A Christmas Tale (Un conte de Noël)
It’s really frustrating to me when a trailer advertises one movie, and then I go to the theater and get something else entirely. However, in the case of A Christmas Tale (Un conte de Noël), I was immensely pleased. I went in expecting a light-hearted French comedy, and got one of the most interesting character studies of the year.
The parallels between Tale and The Royal Tennenbaums is remarkable. Both take place mostly at a stately home in a large city. The family members are remarkably intelligent, but plagued with personal manias and problems. They can both probably be referred to as Neo-New French Wave (the odd love triangle, addressing the camera, narration). Pretty much A Christmas Tale is the grown-up version of Wes Anderson’s piece.
Catherine Deneuve (Dancer in the Dark) plays Junon, the mother of a large and odd family. She’s been diagnosed with a degenerative bone cancer and needs a marrow transplant to prolong her quickly approaching death. None of her children are compatible except, ironically, Henri (played by Mathieu Amalric, a role that suits him much better than the villian in Quantum of Solace). Henri is the family fuck-up that has been banished for years by his own melancholic sister (a terrific Anne Consigny). A sister who, despite being a successful playwright, glories in self-pity, watching herself cry, and making others sad too. There are more characters than you can easily count. And for the most part, they’re all well developed, with a few small exceptions.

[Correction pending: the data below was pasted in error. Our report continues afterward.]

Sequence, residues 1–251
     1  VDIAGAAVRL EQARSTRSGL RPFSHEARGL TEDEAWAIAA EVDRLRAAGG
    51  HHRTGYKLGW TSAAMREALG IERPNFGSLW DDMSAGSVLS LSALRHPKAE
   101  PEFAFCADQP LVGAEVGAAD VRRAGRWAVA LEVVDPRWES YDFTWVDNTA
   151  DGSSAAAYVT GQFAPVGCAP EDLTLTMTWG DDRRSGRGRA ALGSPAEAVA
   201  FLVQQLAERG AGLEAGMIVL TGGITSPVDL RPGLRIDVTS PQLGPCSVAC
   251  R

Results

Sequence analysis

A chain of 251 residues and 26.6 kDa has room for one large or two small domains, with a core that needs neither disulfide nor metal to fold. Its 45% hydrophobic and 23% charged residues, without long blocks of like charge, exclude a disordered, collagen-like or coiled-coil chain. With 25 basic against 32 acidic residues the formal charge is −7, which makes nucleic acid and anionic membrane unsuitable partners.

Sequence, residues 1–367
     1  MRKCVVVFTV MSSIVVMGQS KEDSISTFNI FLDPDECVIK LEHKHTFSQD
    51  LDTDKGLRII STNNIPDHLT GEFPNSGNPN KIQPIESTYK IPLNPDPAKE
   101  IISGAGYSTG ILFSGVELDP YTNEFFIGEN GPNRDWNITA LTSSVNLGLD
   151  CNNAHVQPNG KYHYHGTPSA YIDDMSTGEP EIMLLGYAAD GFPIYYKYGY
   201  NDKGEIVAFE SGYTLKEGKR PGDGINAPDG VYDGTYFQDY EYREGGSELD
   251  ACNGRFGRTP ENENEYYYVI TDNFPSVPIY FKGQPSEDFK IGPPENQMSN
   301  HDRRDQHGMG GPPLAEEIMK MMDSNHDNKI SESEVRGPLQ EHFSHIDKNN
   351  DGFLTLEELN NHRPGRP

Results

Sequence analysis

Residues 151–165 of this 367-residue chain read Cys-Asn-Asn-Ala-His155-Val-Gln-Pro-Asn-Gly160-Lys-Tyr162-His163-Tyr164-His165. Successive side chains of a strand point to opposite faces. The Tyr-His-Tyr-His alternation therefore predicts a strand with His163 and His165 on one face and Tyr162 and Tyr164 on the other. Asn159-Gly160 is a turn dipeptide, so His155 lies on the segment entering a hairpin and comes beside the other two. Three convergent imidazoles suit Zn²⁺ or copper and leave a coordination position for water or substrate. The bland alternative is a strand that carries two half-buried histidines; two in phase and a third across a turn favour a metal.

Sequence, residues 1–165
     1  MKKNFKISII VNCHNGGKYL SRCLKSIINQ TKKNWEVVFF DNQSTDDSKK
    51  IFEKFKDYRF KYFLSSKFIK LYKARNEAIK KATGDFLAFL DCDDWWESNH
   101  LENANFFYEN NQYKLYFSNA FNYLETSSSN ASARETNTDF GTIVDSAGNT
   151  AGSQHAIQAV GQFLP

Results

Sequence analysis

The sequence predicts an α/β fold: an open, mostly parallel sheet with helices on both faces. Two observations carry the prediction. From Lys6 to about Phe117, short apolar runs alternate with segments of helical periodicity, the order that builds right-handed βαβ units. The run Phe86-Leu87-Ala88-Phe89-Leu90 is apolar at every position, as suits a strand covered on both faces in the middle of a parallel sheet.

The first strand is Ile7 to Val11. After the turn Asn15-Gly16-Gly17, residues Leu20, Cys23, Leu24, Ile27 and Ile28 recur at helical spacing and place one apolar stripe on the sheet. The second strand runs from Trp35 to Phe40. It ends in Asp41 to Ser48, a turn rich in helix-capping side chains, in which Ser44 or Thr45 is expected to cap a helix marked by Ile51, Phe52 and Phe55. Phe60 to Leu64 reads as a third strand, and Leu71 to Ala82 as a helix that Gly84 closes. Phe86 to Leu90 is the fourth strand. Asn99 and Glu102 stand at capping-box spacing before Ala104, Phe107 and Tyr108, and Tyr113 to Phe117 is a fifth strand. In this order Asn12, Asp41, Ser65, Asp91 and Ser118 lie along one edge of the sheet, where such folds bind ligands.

Like I mentioned earlier, the trailer is deceiving. Even the title is deceiving as this movie isn’t about Christmas. The film spans several subjects from mental illness, death, religion, betrayal, to physical illness (there are a few short scenes concerning the bone marrow transplant that made me look away from the screen). The best part, is that it’s not sensational. The characters act like your family members act at holiday family gatherings. It’s much more about what’s going on in these peoples’ minds, than about anything else. Director Arnaud Desplechin (who co-wrote the script with Emmanuel Bourdieu) was inspired with this film. He masterfully controlled his actors, and created a story that won’t quickly leave you. Some of the most touching moments are when the characters are allowed to address the screen to explain situations, or read a private letter to another character. These scenes are brilliant. They’re emotionally raw, just like the characters. You couldn’t have asked for a better ensemble cast either. While this isn’t a light piece, you’ll still walk away from it feeling uplifted, and with a whole lot to chew on during the drive home.